Capital pioneers: The migrants who made Canberra

Phillip Aricidiacono is retiring at age 75 after a life time career of cutting hair.

Phillip Aricidiacono is retiring at age 75 after a life time career of cutting hair. Photo: Jay Cronan

In the old country, skill counted for everything. So Rosta Vincenzo was unfazed when a 10-year-old boy walked into his barber shop in Calatabiano, Sicily, looking for work after school.

Could he handle a pair of scissors, a comb and a cut-throat razor? Because 65 years ago, every man who came to the shop asked for a shave.

Phillip Aricidiacono, right, who is retiring at age 75 after a life time career of cutting hair, with his business partner Peter Margiotta.

Phillip Aricidiacono, right, with his business partner Peter Margiotta. Photo: Jay Cronan

Filippo Aricidiacono was 11 when he shaved his first customer and 15 when he finished his apprenticeship.

He recalls that later, he cried for six months until his mother Di'Nuzzo relented and allowed him to come to Australia to join his father Matteo in Canberra.

He opened his first shop in the back of an Ainslie menswear outlet at age 17, charging men three shillings and sixpence and boys two shillings, and full price on Saturday mornings.

Phillip Aricidiacono the barber is retiring at age 75 after a life time career of cutting hair.

Barber Phillip Aricidiacono is retiring at 75 after a lifetime of cutting hair. Photo: Jay Cronan

He has never flinched from charging a premium for a precise haircut finished with the sting of bay rum and five flicks of a hair brush.

Now 75, he will close Phillip The Executive Hair Salon on Saturday, which has traded in the Waldorf Arcade for 39 years. He has run the business in partnership with Peter Margiotta, 68, for 25 years.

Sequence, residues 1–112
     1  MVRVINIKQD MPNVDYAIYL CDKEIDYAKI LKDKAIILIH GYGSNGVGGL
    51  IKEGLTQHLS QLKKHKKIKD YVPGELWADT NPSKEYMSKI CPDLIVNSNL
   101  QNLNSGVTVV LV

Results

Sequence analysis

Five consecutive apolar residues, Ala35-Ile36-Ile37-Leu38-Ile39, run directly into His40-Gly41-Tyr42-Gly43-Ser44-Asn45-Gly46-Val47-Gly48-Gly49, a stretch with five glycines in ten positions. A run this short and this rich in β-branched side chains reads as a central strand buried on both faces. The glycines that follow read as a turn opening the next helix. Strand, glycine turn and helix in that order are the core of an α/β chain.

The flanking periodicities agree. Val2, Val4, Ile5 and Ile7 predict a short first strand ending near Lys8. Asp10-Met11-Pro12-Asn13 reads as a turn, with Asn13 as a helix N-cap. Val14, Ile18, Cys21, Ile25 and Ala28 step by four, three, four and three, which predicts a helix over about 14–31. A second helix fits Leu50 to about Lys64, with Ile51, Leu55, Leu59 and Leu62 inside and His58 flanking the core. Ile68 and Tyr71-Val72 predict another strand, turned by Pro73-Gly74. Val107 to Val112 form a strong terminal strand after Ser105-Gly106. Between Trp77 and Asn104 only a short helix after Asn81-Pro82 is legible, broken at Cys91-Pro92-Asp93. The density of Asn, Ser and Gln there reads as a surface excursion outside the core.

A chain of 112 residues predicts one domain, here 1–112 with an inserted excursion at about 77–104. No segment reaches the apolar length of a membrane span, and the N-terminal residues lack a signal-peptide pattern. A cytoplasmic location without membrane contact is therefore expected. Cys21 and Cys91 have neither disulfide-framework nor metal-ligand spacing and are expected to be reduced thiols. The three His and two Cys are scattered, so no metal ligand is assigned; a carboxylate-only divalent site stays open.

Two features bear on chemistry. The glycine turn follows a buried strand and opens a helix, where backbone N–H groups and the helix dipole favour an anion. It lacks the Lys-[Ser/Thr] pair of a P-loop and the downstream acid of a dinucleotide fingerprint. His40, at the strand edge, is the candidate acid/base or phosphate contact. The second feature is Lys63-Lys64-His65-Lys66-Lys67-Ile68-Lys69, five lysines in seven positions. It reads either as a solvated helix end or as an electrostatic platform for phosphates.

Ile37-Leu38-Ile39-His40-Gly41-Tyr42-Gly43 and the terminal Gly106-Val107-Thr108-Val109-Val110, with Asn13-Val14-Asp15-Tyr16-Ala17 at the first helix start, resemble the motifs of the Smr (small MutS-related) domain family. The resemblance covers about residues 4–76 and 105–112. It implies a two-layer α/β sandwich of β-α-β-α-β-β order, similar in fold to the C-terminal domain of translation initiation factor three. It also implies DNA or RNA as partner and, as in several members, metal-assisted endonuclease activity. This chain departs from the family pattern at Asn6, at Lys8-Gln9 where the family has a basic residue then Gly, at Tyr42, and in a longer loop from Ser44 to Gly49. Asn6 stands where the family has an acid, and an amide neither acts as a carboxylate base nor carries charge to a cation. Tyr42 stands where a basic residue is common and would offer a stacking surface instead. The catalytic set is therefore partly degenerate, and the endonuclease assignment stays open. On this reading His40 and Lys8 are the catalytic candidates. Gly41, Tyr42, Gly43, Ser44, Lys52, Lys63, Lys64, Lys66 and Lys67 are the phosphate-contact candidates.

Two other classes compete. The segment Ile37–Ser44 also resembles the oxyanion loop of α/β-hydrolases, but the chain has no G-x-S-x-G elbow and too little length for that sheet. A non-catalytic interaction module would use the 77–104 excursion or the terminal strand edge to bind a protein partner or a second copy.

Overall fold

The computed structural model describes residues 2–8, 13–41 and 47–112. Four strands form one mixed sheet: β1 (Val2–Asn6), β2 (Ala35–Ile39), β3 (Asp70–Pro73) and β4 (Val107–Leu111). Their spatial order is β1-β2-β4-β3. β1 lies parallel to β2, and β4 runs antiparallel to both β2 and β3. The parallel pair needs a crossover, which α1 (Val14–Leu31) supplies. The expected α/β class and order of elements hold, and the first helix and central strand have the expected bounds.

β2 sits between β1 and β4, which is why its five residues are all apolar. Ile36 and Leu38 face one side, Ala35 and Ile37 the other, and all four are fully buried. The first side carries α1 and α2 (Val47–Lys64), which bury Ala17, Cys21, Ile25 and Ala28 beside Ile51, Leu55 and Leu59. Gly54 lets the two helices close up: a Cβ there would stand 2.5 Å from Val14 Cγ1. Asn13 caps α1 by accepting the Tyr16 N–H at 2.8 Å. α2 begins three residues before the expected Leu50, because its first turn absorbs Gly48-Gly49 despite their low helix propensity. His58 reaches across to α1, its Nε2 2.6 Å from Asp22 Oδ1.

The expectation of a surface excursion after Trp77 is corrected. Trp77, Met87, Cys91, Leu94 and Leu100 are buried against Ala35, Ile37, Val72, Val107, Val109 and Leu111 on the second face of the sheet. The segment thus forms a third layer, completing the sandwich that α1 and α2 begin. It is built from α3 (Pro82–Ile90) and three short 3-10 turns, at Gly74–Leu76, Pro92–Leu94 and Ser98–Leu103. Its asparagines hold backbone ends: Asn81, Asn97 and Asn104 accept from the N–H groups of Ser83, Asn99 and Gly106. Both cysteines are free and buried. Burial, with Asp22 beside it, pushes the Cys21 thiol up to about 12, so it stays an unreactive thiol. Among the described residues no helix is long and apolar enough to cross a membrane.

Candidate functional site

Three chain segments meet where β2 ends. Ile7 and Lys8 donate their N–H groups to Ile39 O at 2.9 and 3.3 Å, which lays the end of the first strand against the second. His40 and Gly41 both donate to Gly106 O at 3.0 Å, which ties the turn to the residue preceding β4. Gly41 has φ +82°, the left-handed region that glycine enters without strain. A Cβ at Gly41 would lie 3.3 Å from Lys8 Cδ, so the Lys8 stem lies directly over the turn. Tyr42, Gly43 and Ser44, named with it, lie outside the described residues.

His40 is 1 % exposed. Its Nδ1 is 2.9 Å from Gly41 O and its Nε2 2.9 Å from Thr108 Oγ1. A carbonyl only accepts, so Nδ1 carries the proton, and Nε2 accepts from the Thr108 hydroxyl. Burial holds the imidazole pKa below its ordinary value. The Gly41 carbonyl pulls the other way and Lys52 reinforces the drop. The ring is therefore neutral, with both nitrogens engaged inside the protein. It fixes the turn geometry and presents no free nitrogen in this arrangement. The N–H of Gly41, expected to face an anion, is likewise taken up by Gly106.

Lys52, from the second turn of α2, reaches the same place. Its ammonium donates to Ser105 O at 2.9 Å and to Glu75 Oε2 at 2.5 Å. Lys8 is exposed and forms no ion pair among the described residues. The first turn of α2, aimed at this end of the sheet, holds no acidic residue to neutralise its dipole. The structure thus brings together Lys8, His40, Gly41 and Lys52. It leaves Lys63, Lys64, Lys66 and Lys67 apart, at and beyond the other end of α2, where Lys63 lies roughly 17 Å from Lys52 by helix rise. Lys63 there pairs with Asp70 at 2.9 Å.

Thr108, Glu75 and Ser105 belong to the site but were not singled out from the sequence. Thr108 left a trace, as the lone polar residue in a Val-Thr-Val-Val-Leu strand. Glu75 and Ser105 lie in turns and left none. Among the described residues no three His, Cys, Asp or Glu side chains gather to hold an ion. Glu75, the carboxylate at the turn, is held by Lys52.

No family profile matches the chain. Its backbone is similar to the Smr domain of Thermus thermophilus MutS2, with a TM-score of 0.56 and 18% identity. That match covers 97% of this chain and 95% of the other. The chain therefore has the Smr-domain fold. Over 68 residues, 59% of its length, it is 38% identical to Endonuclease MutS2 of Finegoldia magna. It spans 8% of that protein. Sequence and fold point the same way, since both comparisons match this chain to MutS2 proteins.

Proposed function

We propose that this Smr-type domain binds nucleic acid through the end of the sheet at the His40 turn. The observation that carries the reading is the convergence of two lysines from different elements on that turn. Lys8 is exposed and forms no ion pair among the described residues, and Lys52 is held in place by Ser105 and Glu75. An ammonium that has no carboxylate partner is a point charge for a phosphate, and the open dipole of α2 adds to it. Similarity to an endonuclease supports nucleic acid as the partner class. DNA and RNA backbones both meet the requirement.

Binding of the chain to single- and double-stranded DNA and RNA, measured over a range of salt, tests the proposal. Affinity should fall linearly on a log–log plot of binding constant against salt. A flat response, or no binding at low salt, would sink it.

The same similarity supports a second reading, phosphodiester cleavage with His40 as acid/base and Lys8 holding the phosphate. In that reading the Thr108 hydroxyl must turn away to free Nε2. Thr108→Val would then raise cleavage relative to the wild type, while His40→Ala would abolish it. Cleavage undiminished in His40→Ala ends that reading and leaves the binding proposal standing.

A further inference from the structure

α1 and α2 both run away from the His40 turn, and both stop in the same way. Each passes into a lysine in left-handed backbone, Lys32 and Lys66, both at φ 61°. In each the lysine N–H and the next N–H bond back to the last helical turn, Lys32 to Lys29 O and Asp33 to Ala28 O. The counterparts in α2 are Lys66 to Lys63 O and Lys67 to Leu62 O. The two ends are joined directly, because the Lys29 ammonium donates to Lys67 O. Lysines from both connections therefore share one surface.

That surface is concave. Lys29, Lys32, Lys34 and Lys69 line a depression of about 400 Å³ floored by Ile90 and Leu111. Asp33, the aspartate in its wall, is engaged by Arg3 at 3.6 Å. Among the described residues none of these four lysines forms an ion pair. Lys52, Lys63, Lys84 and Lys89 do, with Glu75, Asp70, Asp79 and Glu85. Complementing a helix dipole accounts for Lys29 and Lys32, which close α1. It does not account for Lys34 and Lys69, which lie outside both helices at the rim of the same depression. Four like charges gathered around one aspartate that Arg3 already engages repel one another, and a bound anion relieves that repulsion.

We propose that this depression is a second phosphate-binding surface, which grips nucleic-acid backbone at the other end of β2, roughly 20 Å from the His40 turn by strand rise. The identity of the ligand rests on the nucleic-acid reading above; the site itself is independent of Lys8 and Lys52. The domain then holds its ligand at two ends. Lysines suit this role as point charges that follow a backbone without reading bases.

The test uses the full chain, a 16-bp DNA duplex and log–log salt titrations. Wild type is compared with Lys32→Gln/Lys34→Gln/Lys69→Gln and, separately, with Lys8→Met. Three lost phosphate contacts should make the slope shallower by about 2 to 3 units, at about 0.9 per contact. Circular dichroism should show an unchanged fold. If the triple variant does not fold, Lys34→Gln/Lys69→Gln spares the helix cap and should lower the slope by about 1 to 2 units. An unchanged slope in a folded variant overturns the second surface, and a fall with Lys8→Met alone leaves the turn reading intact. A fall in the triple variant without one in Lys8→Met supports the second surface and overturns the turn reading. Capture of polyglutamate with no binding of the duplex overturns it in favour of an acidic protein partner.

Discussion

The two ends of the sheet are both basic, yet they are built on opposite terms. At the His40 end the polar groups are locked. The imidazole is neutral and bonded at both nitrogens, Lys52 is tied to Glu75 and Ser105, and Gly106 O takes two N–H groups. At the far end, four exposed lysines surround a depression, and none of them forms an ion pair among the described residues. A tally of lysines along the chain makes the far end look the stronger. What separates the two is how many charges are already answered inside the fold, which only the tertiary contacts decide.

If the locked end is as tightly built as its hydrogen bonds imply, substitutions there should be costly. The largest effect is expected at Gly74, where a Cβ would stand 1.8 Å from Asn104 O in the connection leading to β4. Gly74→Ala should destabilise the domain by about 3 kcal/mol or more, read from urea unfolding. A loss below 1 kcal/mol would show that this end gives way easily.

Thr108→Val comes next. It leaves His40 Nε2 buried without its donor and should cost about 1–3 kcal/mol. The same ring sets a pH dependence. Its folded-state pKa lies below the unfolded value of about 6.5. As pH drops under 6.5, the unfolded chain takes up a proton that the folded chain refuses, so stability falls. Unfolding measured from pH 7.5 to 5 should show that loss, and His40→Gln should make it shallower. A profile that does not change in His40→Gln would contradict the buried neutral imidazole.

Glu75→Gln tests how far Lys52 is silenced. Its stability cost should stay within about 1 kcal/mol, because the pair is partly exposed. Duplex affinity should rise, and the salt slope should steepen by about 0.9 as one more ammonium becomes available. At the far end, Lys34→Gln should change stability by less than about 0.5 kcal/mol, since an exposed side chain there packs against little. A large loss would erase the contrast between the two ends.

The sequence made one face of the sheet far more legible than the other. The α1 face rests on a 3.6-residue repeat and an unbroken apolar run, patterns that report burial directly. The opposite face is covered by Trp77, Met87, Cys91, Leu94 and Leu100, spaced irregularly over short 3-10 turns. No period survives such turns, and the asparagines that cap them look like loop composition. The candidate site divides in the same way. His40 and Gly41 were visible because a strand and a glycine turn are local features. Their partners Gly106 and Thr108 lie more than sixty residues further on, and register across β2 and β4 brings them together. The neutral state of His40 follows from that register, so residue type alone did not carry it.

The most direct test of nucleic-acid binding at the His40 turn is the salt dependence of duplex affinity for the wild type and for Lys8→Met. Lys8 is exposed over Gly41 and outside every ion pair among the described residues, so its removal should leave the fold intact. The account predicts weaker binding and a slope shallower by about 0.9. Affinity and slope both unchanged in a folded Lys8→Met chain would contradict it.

They will reopen again on Friday, January 24, between noon and 1pm for a drink with long-time customers.

Well known among Italians when he first opened in 1957, Mr Aricidiacono later worked for Mick O'Brien in Manuka before reopening in David Jones in the Monaro Mall and employing five staff.

''People used to say 'I am going to David Jones to get a haircut. I say that's a no good for me, I don't want to be known as David Jones, I wanted to a be known for myself.''

He surrendered the sublease at David Jones, and continued with a second venture, a unisex salon in Dickson, later employing 10 people and was helped by his wife Michelle who looked after the female customers.

Politicians, judges, television personalities and bureaucrats kept returning to his shop, many with their sons.

''Hairdressers can talk about anything,'' Mr Aricidiacono said. ''You ask me anything and we know all about it. Weather, politics, horses, fast - er - lovely women.''

Customers with a racing bent led him into syndicates of owners and trainers, including Dick O'Sullivan who helped one of his horses Trumpet Girl win Queanbeyan's horse of the year and legendary jockey and trainer Athol George Mulley.

When hairdressers focused on a quicker turnover of customers for more money, Phillip The Executive Salon didn't alter its stride, and the proprietor continued clashing with his industry body each time he raised his prices. ''We used to fight like anything for five pennies. But my haircut has been five pennies, or 10¢ more than anybody else, because I was proud of my work. People got quality from me.''

When long hair became fashionable for men in the 1960s and '70s, frustrating many traditional barbers, Mr Aricidiacono embraced the trend, charging more for his delicate trimming skills.

''I am a very proud of my work. I wouldn't let the customer out if I'm not a happy. I have to be happy.''